“Trust me, between us we know all the tricks,” says series co-founder Meyrick Cox, “basically because we’ve thought through all the ways we’d cheat if we were doing it.”

Bottom line, if the next guy is faster than you, it’s not because of the car.

So it’s as much about brainpower as it is horsepower. You may nail that guy into La Source hairpin with a fist pump for the GoPro and social media glory. But he’s now got your tow all the way into Eau Rouge and along the straight that follows, ducking out of your draft with the extra five miles per hour you gifted him. Six-car battles for position can last—literally—hours, the lead changing constantly as every corner becomes a who-blinks-first battle of bravery and wits, inevitably spiced up by one of those ridiculous 2CV prototypes carving between you at a critical moment, or a standard one blocking your path and costing you five seconds in one lap.

For much of the race 70-car C1 field are circulating the 4.3-mile circuit to within two or three seconds of each other, it’s that tight.

At night I find myself drafting so close I’m watching the track unfold through the windscreen of the car in front, using his lights to pick my braking point and opportunity to duck out the slipstream. It’s the kind of racing where you’ll be locked in a fight to the death one moment and exchanging thumbs-up the next, my battle with one car lasting half an hour and having us swap position but not paint once or twice a lap.

The driving standards are ruthless enough to make you wince but respectful with it. Rubbin’ is definitely racin’ but anyone taking it too far won’t be invited back, simple as that.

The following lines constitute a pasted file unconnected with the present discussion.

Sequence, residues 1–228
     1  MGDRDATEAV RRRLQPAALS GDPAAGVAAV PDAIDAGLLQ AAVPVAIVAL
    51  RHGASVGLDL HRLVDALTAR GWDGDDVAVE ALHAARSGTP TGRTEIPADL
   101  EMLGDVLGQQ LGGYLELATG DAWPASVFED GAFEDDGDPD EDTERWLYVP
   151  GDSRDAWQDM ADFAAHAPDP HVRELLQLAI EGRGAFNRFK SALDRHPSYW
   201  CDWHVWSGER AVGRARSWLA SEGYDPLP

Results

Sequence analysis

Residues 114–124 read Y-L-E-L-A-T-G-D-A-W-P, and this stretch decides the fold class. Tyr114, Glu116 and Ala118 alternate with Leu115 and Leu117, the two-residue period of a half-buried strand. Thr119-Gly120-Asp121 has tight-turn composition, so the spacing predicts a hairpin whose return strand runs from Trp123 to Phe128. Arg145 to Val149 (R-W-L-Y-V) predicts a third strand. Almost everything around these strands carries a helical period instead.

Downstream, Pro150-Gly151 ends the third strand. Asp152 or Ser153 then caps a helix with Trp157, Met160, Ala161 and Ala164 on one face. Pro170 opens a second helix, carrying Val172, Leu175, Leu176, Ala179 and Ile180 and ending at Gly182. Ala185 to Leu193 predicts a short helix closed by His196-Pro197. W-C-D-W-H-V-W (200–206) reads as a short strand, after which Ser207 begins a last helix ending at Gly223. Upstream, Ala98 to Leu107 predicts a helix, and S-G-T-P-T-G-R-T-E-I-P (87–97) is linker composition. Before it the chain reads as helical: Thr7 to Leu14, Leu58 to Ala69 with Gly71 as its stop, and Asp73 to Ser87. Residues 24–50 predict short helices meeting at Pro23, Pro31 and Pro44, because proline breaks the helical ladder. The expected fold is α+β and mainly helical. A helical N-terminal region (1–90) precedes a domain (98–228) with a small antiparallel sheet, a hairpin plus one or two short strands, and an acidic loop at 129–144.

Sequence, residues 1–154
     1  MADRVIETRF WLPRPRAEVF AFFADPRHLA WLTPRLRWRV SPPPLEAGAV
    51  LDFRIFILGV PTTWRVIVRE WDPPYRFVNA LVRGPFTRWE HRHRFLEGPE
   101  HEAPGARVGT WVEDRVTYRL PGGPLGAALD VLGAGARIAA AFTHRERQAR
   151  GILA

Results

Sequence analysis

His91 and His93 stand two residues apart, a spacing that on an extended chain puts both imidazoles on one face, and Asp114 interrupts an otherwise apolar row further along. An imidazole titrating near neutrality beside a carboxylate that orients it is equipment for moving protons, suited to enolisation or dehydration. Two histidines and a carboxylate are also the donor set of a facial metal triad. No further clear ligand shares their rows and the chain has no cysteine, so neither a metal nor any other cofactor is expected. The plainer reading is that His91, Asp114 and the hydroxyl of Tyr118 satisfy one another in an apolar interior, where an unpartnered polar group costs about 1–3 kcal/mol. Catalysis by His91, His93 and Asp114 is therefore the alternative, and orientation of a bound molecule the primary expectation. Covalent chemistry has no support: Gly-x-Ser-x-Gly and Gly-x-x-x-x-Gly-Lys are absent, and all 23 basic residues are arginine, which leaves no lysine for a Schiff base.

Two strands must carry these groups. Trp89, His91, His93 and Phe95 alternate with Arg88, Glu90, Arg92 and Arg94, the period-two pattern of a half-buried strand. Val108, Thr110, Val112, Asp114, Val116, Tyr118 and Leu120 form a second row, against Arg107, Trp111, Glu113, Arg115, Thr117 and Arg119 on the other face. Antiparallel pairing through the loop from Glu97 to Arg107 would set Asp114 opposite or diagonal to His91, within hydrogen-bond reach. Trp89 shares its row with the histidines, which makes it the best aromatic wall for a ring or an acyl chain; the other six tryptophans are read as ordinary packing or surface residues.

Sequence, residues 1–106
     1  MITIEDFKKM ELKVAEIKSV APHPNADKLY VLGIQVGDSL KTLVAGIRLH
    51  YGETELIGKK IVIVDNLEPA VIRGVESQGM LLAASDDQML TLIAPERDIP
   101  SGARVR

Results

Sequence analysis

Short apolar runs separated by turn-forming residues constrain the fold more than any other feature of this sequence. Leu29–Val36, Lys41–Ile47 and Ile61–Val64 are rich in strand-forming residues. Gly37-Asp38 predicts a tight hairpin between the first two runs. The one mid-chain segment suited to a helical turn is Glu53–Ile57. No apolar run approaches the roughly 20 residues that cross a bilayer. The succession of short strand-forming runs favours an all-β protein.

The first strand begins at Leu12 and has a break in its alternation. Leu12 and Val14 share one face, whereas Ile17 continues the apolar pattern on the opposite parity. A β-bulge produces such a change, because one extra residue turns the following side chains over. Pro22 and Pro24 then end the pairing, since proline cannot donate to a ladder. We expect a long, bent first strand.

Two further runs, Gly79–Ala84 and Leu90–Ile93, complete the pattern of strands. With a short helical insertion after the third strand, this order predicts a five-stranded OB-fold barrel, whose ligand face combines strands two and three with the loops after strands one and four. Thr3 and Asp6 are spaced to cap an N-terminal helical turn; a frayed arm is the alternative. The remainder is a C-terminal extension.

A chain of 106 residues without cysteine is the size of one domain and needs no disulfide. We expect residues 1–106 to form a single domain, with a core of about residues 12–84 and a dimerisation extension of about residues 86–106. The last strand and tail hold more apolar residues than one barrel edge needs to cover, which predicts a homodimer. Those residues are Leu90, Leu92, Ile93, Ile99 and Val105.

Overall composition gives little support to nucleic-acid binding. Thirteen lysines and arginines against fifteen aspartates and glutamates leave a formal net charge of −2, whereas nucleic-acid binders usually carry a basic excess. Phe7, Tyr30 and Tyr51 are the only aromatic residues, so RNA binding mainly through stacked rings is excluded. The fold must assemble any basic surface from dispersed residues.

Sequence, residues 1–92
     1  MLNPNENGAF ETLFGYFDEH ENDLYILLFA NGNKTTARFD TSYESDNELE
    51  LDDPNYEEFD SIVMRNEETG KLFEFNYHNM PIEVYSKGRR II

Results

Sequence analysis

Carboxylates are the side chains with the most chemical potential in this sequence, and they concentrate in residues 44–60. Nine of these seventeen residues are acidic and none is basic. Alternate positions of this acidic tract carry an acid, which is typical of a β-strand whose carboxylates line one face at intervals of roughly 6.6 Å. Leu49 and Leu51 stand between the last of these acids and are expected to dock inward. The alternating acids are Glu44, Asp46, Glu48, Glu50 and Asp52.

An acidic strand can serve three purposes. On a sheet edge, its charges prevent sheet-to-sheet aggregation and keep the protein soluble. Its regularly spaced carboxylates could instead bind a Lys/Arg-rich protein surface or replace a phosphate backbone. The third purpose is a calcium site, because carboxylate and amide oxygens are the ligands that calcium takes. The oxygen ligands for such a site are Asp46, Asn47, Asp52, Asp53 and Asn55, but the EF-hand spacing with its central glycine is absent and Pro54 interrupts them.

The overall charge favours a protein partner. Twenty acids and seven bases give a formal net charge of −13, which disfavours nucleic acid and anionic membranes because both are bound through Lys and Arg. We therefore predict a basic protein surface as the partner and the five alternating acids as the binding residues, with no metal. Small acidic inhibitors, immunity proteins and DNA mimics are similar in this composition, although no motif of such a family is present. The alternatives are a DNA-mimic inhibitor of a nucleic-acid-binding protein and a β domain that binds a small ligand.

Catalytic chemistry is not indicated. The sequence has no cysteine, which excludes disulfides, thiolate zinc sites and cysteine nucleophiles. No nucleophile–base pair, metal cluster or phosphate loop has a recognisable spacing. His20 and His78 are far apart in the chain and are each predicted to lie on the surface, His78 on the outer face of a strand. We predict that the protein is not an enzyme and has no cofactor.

There’s nowhere to hide in these cars and the fact you have to earn every mph and fight to maintain it is the essence of pure racing. The modifications mean the C1s slide and move around according to how you drive them. A fractionally greedy corner approach results in ugly understeer while artistic trail- or left-foot braking can be exploited to rotate the car into the corner and gain whole seconds.

I manage this once through La Source and the satisfaction is still making me fizz a week later, likewise the sideways at 90mph approach to Pouhon when I came in a little too hot one lap.

It’s at this point most successful championships lose the plot and money starts talking. Not in the C1s. If anything the organizers are doubling down on regulations, a recent deal with Nankang meaning the control tire will be manufactured to spec, sparing the faff and expense of shaving down road rubber. A new direct-sale brake pad meanwhile lasts a season rather than a race and saves more money for teams.

And as demand for grid space increases so are the races getting bigger, the Club confirming a new 24-hour round on Silverstone’s full Grand Prix circuit next April. It’s a sign this little series is now outgrowing its club circuit roots and able to fill internationally renowned, F1-grade venues. Meyer is already having a second car built with the aim of selling seats to American drivers, joking he could fill 20 cars if he could field them.

Want in? Get yourself on the C1 Racing Club’s match-making forum with a fistful of dollars and you’re good to go for less than a transatlantic air fare. See you there.

Dan Trent has been working as a car writer for 15 years, several of which were spent editing Chris Harris while he was at Pistonheads, from which he has several stories not for repeating here.

McATTACK TRIO DOMINATE SPA WEEKEND

44 cars made the trip to Belgium to join the Belgian, French and Dutch C1’s as part of the 2CV 24 Heures.

With the race starting in glorious sunshine and 25C, it went through heavy rain, thunder and lightning and fog, before its Sunday afternoon conclusion.

The McAttack trio of Declan McDonnell, Joe Wiggin and Simon Walker-Hansell already had wins at Pembrey, Snetterton and Croft under their belt, before taking pole for the weekend’s race, over two seconds up on second best Preptech UK, with Carlito Mirraco, Cody Hill, Ryan Firth, Simon Byrne and Bill Kirkpatrick.

There was some confusion at the start, with a late announcement of split grids, which saw the UK C1’s, join the Belgian and Dutch drivers on the Grand Prix grid.

However David Watson’s Atomic Racing car was sent to the wrong grid and was forced to start from the pitlane, but was released half a lap before the rest of his grid, which showed him as the class leader for the first five laps.